What is wind?

Wind (from the Latin ventus) is the current of air produced in the atmosphere by natural causes. The wind, therefore, is a meteorological phenomenon originated in the rotation and translation movements of the Earth.

Solar radiation generates temperature differences in the atmosphere, which gives rise to differences in pressure and air movement. Wind speed can be used to produce energy (known as wind), but it is also dangerous as it can bring down large buildings. Seed displacement and erosion are other consequences of wind action.

For example: “It’s very windy; sailing is not advisable”, “The day is beautiful: lots of sun and no wind”. The first instrument created to detect the direction of the wind is blowing was the weather vane. It is a rotating device with a cross that indicates the cardinal points and is usually located in high places. A more advanced tool is the anemometer, which also measures wind speed and helps predict the weather. According to its intensity, the wind can receive different names. Milder winds are known as breezes, while stronger winds are tornadoes. All of these terms, however, have a more specific scientific meaning that is often overlooked by everyday language. Finally, the stream of particles emitted by a star’s atmosphere is known as the solar wind. Most of these particles are high-energy protons. Air movement The displacement of air in the troposphere (lower area of ​​the atmosphere) is the most significant for people and has two components: the vertical, of 10 kilometers or more and whose upward or downward movement compensates for the horizontal, and the horizontal , which spans thousands of kilometers and is the more important of the two. The observation of a tornado is very suitable for the understanding of these concepts, because while its whirlpool begins to spin at a considerable speed, with the known destructive consequences, and decreases with the increase of the wind, since the dimensions of the cone increase with the width . It is worth mentioning that these statements, obtained from the study of tornadoes, are also true for all types of wind, since they are part of the various processes they undergo. The same transition that occurs in this case, from a linear motion to a spinning motion that rises vertically, can be observed in whirlpools as well as in hurricanes and cumulonimbus, with certain differences in size and extent.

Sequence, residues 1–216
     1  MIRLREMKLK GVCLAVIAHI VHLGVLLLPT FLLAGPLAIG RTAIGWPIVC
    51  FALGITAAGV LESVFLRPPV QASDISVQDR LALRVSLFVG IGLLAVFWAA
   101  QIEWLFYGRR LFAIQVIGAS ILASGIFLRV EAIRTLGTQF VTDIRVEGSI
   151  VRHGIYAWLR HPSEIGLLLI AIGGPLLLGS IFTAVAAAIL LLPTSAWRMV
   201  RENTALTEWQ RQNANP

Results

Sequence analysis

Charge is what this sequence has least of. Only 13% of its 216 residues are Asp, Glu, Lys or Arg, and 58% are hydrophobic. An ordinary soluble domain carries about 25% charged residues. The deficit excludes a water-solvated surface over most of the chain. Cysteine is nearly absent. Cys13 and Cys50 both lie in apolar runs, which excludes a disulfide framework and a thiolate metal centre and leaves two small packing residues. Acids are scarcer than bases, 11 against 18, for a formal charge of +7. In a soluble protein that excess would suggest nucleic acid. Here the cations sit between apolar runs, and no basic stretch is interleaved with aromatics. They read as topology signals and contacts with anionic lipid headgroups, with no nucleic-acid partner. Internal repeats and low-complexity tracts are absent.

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On the other hand, there are the winds that travel important distances, which also go through this process. A clear example is the trade winds, which travel between the equator and the tropics, going from northwest to southwest and vice versa, crossing the northern and southern hemispheres. When they are at the equator, they undergo a forced ascent, mainly due to the high concentration of matter, and generate clouds and heavy rain, which results in a great decrease in speed. When rising air cools and loses the moisture it was carrying, due to condensation and rain, the result is dry, cool air. The lower the temperature, the more weight; consequently, it tends to descend towards the surface in an inclined motion that starts at the equator and continues towards the tropics, veering to the right to finally complete the cycle of the trade winds. In this way, the principle of conservation of matter is fulfilled, according to studies carried out by Antoine-Laurent de Lavoisier, a French chemist and biologist from the 18th century.

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